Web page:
Watching Acadia gobble up a lacewing that she’d just patted to death at a friend’s house over the weekend, I was reminded of the “crittercam” footage that NatGeo and others released a few years ago revealing the secret life of cats. They’d strapped tiny video transmitters to the cats’ collars, set the equipment to record and let the cats out to make their nocturnal rounds.
The carnage was breathtaking.
Frogs, lizards, birds, rats, mice, bugs, worms. Killing and killing and killing anything that came within range. Like sharks, they were. Some prey eaten, but most not. A few corpses – about one in four of them – brought home as gifts for owners.
And the death toll is ecologically significant, I understand. The crittercam footage confirmed naturalists’ long-held belief that cats, both feral and outdoor domestic, are contributing to the disappearance of several species of birds.
I’m no fan of dogs, but I must admit that from a public relations point of view, they have cats beat all to hell. Yes they bark and dig holes and leave their feces wherever the spirit moves their bowels, and yes they sometimes do very mean things, sometimes to cats, but dogs by and large, those whose owners don’t abuse them, just want to have fun. And while it might be argued that cats are just as fun loving, which I happen to believe they are, cat fun, unlike dog fun, has faux predation written all over it. It’s practice for what they do at night.
Take my sweet Acadia, for example. She’s an indoor cat, of course, but she stalks me constantly. She “kills” my shoe with me in it, or my hand with me attached to it, then falls asleep curled up beside me on the sofa, her soft underbelly exposed to the presumably unretaliating world.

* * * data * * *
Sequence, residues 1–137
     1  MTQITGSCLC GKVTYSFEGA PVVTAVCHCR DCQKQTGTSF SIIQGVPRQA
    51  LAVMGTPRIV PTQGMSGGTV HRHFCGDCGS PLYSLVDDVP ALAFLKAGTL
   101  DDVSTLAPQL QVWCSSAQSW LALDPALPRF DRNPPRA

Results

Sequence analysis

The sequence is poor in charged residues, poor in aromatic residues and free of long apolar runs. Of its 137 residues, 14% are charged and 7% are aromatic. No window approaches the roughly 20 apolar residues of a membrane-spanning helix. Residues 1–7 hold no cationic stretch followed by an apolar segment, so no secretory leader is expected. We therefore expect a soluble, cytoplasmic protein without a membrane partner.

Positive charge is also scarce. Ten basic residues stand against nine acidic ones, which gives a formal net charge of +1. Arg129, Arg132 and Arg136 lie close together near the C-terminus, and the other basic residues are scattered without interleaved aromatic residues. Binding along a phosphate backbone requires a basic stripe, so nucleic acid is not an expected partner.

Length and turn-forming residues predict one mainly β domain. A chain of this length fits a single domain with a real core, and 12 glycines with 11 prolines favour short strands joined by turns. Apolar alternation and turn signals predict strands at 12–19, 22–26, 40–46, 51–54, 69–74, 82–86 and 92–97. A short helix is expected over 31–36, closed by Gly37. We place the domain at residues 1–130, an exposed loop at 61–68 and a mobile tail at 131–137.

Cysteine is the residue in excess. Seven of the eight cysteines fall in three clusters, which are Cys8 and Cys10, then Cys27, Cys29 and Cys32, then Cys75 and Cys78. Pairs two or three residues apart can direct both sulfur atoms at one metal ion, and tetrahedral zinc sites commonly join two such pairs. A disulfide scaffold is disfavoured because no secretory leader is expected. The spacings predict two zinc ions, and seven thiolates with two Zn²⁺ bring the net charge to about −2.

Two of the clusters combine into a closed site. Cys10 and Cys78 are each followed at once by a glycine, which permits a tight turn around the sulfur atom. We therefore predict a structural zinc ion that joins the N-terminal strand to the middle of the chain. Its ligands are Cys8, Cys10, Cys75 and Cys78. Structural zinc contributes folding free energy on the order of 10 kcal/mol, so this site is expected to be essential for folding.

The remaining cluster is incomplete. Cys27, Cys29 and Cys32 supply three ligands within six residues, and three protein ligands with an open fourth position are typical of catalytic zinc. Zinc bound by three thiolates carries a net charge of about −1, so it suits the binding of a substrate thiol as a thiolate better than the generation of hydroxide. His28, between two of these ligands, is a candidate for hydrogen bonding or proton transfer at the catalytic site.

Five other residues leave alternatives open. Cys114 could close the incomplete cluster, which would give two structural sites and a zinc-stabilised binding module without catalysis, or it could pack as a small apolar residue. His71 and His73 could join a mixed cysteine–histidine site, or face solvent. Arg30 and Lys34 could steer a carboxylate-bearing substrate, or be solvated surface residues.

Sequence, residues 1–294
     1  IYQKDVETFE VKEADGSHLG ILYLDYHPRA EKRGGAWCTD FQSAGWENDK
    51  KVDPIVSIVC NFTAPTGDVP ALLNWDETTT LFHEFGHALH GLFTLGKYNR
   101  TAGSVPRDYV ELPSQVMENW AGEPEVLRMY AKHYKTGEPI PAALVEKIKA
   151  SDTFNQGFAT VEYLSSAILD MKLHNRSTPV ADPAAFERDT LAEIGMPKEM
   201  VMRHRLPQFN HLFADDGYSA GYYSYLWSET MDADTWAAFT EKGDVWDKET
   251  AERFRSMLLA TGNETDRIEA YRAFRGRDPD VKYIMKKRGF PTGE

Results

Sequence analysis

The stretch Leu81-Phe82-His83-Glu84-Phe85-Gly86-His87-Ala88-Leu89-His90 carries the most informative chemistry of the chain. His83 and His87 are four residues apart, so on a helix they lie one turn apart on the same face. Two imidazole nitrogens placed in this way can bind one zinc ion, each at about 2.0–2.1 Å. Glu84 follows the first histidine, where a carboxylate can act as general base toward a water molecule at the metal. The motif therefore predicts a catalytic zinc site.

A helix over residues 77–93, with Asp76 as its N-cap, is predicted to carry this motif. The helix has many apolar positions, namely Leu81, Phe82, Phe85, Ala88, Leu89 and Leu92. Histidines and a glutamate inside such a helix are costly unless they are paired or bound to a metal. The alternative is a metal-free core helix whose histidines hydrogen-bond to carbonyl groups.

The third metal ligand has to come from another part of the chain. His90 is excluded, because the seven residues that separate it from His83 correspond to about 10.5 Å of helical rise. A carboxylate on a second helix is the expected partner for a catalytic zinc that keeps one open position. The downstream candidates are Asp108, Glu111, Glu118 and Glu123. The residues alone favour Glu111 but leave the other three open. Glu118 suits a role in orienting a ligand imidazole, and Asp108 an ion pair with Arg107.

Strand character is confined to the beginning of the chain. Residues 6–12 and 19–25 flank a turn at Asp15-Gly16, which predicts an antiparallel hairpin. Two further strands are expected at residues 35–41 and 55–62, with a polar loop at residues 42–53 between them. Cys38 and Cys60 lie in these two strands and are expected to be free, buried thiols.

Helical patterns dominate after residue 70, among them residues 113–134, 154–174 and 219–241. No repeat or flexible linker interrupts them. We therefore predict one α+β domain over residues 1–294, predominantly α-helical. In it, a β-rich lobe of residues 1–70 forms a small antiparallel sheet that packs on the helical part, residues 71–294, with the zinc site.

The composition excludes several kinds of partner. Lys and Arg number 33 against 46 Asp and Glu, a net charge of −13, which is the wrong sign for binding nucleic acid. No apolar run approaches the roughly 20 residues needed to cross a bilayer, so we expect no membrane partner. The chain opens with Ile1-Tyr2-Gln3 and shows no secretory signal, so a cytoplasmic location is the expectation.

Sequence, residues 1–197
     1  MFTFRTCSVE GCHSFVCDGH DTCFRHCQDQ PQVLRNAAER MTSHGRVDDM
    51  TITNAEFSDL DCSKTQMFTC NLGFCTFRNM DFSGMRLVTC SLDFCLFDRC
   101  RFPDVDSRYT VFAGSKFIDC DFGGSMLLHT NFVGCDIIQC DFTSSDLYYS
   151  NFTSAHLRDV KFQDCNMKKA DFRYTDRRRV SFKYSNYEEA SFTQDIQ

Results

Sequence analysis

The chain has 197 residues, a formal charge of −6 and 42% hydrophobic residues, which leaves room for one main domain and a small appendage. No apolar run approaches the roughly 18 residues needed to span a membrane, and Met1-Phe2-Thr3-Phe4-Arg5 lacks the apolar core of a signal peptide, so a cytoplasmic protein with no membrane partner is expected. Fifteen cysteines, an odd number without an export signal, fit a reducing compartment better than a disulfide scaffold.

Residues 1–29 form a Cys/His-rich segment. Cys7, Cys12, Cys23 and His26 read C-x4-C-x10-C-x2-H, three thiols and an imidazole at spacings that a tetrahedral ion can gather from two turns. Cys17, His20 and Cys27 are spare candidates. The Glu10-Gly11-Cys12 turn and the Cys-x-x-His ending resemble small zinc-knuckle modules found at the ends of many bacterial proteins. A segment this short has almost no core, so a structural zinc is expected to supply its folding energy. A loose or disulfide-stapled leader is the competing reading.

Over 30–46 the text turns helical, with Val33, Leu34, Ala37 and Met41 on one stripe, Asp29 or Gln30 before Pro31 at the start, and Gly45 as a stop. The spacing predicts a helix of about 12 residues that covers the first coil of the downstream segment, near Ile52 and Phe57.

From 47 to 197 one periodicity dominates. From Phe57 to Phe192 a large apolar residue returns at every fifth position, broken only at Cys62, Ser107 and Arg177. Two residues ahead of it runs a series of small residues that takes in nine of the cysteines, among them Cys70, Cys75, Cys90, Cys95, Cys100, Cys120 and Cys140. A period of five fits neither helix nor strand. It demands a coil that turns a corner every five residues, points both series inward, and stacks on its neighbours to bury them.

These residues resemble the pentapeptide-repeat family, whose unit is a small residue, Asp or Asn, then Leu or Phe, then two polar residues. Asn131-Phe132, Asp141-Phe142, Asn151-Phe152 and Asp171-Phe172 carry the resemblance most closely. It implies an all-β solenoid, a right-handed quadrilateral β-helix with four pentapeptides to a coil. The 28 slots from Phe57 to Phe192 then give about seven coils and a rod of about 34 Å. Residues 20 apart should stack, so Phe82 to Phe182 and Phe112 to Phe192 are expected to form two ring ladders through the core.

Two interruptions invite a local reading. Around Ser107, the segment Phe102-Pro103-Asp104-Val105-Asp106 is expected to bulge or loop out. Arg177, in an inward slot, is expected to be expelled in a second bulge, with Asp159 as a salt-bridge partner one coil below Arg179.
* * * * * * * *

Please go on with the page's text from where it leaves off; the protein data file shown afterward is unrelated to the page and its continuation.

She “kills” the pom-poms when we play fetch, she “kills” the odd spaghetti noodle that I might drop to the floor. Her body language is unmistakable as she goes through these maneuvers, too. Freeze, calculate distance, tighten haunches, pounce, dismember. Sometimes suffocate. Sometimes consume.
My old friend Ginger used to draw blood, but Acadia pulls her punches and her bites. Maybe because she’s a girl.
And maybe because I’m a cat fancier, I’m charmed by the contradiction. The Manichean dualism of it, you know. To think that such a creature, after a night of mostly recreational slaughter (or, in the case of Acadia, a night of practice for it), greets the day all rumbly and chirrupy lapping milk from a saucer. That’s just too just too damn cute, don’t you think? I do.